Philippines: Families of Kentex fire victims take legal action vs. owners, local gov't officials, & contractors; wins case for unpaid wages

74 workers were killed after a fire at Kentex Manufacturing footwear factory in Manila on 13 May 2015. Reports say workers were trapped after a welding triggered explosion. The factory had about 200 workers - 150 of them were in the factory at the time of the fire. Unions are accusing the company of exploitative labour standards and poor health & safety procedures. Kentex says it will provide compensations to survivors and victims’ families. A number of families of victims are taking legal actions against Kentex factory owners and the government department that issue a permit - while other families have settled the case.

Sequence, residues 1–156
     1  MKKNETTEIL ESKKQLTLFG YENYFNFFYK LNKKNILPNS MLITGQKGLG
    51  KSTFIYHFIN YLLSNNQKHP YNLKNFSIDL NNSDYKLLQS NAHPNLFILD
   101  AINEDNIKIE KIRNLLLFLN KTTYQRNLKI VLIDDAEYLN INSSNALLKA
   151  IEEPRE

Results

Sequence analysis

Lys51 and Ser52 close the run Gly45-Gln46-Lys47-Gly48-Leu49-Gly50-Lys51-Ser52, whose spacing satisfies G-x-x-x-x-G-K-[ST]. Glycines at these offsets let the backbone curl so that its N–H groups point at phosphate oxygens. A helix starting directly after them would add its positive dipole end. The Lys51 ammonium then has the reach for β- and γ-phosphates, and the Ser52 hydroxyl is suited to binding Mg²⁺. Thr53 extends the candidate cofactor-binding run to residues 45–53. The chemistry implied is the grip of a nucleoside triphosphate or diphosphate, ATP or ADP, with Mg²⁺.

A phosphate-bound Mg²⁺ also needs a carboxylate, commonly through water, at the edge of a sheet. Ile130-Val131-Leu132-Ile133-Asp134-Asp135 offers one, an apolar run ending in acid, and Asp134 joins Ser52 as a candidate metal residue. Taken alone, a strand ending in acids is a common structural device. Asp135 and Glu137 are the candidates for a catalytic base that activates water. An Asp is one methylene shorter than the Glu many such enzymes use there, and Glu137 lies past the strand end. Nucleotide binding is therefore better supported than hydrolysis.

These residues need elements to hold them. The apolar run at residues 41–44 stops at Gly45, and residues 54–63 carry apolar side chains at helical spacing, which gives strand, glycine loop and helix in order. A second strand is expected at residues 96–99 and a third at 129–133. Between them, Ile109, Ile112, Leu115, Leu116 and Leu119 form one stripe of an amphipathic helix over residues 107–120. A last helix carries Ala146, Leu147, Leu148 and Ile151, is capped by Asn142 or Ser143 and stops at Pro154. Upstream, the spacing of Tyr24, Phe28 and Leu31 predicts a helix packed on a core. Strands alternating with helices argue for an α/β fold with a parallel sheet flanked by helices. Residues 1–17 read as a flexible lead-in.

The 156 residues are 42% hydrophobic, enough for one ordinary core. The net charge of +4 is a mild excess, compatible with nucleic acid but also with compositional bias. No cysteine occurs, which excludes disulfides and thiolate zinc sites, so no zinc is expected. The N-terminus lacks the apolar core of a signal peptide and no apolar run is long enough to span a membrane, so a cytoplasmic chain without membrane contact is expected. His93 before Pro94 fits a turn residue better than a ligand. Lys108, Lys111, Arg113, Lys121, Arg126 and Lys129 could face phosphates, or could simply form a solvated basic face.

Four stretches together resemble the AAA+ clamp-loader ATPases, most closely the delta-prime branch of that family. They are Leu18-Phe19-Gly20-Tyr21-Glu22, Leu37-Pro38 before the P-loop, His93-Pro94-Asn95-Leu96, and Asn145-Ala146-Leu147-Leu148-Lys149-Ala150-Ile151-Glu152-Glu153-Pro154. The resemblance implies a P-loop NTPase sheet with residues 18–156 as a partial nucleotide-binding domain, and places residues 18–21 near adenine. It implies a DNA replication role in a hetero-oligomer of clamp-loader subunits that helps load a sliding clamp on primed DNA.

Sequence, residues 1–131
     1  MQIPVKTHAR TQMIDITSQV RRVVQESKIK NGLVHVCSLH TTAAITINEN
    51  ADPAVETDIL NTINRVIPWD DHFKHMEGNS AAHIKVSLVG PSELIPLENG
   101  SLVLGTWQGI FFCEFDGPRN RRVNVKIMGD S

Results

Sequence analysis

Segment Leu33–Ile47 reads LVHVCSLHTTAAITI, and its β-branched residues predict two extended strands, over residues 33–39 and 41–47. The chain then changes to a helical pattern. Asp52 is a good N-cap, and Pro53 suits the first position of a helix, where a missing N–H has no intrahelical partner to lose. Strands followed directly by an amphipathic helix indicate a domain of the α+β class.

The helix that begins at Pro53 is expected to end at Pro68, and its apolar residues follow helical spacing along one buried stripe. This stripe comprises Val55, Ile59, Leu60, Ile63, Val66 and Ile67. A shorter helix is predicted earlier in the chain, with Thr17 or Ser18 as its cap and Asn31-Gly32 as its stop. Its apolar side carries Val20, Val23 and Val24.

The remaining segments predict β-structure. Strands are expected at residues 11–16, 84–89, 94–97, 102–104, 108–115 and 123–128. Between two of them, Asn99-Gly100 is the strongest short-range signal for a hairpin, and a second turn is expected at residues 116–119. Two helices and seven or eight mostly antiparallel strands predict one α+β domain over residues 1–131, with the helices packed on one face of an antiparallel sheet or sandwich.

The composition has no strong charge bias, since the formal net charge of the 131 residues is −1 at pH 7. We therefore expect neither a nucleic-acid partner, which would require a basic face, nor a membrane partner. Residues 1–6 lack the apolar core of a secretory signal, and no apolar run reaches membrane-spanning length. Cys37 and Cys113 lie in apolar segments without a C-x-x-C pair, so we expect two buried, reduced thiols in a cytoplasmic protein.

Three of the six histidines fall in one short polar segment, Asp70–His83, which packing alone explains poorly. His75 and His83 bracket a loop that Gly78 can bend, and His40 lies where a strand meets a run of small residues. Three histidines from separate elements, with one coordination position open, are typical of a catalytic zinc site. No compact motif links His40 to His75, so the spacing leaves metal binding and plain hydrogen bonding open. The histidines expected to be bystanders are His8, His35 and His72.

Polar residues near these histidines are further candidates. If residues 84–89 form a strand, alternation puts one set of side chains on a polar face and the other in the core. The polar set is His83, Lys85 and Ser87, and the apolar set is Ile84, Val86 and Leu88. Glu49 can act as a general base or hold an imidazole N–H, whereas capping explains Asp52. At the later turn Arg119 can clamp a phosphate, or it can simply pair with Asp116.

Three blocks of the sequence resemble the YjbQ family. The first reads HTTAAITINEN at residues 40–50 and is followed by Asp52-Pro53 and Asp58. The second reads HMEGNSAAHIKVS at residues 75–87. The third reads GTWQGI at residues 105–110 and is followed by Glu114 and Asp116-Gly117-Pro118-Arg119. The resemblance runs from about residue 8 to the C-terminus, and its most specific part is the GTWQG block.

In July 2019, the Supreme Court ordered CJC Manpower Services to pay Php 1.44 million in backwages to 57 workers. This is the contractor that deployed workers to Kentex.

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Article
21 May 2015

Labour dept. & Bureau of Fire Protection to ramp up efforts to ensure proper working conditions in factories

Author: Katerina Francisco, Rappler

"Palace: More inspections after Kentex fire", 16 May 2015